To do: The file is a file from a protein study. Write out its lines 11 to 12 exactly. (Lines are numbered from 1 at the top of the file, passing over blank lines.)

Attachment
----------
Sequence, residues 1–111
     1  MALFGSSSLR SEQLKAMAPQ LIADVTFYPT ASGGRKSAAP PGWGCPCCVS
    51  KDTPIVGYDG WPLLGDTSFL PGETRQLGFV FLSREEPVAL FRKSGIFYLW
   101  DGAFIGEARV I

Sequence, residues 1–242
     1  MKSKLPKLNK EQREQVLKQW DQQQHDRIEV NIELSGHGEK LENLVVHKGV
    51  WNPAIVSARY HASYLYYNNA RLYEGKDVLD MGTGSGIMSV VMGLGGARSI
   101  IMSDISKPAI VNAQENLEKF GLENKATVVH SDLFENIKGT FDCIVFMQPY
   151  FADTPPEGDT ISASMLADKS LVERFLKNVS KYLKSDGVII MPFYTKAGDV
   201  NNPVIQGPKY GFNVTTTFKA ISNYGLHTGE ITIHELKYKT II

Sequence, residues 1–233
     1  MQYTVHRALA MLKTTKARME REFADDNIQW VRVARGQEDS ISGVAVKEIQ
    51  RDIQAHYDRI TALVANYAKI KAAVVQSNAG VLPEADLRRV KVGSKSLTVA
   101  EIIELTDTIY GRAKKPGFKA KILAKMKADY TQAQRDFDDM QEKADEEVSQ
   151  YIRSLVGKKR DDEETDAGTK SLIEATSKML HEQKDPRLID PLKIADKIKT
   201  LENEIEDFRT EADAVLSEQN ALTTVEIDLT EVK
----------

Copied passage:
Sequence, residues 1–233
     1  MQYTVHRALA MLKTTKARME REFADDNIQW VRVARGQEDS ISGVAVKEIQ